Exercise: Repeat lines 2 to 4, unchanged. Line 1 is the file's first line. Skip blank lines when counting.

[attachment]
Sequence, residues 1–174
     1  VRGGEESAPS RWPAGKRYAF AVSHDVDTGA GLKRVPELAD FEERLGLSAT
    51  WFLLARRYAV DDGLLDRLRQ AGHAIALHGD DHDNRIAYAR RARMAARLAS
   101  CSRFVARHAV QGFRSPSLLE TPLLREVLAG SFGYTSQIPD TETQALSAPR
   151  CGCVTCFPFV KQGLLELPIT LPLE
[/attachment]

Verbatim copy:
     1  VRGGEESAPS RWPAGKRYAF AVSHDVDTGA GLKRVPELAD FEERLGLSAT
    51  WFLLARRYAV DDGLLDRLRQ AGHAIALHGD DHDNRIAYAR RARMAARLAS
   101  CSRFVARHAV QGFRSPSLLE TPLLREVLAG SFGYTSQIPD TETQALSAPR